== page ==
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In presenting to the theological students of this country, the following Analysis of Bishop Burnet's Exposition of the Thirty-nine Articles of the Church of England, it will be necessary to explain the motives with which I engaged in it, and the design I have had in view. Bishop Burnet was confessedly a man of the rnost varied and extensive erudition. The universal adoption of his invaluable commentary on the Articles by our schools of Divinity, is a sufficient proof of the estimation in which his talents and his learning have been held. But notwithstanding these advantages, he certainly did not possess either perspicuity of style or clearness of arrangement ; qualifications which are equally necessary to the character of a perfect author, His matter is in general so confused, his arguments so scattered, and his observations so misplaced, that to follow him through his discussions, replete as they are with the most valuable information, is a labour to which few students are willing to submit.
These defects I have endeavoured to rectify, at the same time retaining the excellent matter, which in the original, they are calculated to obscure. I have adhered to his observations as closely as was consistent with my plan of retaining only what would prove generally useful ; and his arguments I have endeavoured to state with clearness, arranging them under general heads in a regular method. These heads, it will be perceived, are printed in Italics; in order, that the reader may thus by a glance, collect at once the substance of the entire Article. In the notes I have added whatever information appeared necessary, in order to the perfect understanding of the text, and I have particularly directed the student's attention to those works in which he will find the simplest and most satisfactory elucidation of the various subjects which are discussed.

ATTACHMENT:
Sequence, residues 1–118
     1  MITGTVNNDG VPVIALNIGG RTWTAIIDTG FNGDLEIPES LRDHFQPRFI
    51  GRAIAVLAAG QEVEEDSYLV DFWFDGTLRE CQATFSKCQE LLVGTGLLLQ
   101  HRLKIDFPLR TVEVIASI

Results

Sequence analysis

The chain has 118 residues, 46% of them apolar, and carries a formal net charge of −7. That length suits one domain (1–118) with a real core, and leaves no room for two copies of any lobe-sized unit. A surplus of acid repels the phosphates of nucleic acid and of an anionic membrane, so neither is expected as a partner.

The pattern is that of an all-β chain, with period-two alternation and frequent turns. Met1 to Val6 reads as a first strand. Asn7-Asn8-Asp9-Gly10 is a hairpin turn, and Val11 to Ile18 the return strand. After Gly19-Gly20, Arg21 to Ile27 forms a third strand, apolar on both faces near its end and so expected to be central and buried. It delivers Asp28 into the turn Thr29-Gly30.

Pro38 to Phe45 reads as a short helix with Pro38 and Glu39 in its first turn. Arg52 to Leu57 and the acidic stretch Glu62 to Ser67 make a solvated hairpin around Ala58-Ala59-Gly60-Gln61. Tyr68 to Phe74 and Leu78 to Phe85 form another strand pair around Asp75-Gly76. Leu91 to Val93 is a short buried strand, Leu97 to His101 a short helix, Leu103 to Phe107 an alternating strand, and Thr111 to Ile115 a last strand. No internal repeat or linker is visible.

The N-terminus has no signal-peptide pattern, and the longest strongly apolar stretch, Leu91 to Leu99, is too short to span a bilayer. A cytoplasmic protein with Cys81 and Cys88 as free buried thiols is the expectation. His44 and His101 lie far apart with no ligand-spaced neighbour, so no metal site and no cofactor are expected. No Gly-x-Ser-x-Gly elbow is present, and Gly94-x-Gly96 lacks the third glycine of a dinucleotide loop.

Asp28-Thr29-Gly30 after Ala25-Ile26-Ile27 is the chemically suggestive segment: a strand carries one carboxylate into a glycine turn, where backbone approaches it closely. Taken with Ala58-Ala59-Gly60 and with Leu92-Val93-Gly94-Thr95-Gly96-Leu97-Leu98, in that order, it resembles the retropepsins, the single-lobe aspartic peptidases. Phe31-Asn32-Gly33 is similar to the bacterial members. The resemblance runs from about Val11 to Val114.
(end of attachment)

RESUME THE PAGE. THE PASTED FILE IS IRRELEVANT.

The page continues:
With respect to those Articles which allude to the differences existing between the Calvinists and their opponents, I have endeavoured to follow Bishop Burnet's admirable impartiality, and have not presumed to advance my individual opinions.
This is briefly the design of the following pages. How far I have succeeded in the execution of it, must be decided by those for whom the work is intended.
TABLE OF CONTENTS.
2o. The world was not made by chance.
the performance of miracles.